PPT_Chapter_40 - Immunologic Agents Chapter 40 Copyright \u00a9 2013 Wolters Kluwer Health | Lippincott Williams Wilkins Immunity Ability of the body to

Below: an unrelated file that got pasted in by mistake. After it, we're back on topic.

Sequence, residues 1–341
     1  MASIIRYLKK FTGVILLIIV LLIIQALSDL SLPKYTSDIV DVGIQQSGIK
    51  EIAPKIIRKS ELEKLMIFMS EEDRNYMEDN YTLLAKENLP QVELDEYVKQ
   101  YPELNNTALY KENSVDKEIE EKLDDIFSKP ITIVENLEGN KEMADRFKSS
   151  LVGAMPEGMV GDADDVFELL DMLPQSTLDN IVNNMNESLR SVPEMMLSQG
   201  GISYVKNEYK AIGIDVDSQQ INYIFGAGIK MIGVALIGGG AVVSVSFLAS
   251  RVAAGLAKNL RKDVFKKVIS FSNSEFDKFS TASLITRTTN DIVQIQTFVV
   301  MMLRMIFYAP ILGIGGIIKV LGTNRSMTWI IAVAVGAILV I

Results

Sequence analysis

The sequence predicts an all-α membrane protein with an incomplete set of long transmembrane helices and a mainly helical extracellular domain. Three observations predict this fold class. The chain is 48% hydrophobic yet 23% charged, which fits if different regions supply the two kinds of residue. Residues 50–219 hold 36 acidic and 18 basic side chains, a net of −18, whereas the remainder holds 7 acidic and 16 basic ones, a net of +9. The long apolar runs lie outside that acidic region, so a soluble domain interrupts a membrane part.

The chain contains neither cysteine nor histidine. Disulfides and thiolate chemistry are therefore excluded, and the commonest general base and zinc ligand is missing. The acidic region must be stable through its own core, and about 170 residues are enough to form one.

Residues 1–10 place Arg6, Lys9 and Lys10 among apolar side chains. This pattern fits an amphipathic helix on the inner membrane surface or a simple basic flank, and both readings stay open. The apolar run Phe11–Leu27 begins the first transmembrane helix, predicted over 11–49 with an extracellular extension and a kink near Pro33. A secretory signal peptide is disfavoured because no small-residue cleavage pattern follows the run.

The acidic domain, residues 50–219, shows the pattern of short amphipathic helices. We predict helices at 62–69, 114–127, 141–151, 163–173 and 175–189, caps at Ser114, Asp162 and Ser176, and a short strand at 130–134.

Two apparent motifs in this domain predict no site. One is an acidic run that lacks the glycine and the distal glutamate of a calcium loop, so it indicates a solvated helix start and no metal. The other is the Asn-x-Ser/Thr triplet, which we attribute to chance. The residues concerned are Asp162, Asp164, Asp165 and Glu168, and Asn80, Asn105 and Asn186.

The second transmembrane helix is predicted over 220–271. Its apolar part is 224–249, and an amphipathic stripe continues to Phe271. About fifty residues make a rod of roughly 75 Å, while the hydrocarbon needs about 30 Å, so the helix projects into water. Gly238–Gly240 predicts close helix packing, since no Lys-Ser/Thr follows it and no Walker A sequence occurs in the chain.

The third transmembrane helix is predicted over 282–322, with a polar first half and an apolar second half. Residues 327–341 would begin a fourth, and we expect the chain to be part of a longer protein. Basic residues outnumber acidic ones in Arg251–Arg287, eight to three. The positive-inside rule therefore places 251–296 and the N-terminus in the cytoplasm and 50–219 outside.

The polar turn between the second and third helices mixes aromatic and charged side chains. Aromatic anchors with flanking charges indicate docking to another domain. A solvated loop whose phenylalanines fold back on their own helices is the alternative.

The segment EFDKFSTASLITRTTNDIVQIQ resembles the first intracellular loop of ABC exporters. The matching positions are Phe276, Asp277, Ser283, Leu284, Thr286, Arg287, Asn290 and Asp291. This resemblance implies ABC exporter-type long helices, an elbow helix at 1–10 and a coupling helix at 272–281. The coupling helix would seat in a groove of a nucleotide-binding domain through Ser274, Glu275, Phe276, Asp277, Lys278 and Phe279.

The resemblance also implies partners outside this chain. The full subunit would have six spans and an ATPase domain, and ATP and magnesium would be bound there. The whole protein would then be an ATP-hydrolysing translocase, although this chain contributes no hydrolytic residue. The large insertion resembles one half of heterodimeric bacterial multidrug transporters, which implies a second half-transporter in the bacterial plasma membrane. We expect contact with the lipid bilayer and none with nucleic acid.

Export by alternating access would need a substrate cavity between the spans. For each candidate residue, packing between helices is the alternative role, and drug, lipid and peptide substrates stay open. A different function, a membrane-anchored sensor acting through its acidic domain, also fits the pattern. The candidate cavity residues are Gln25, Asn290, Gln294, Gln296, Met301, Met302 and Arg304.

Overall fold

PPT_Chapter_40 - Immunologic Agents Chapter 40...

This preview shows page 1 out of 30 pages.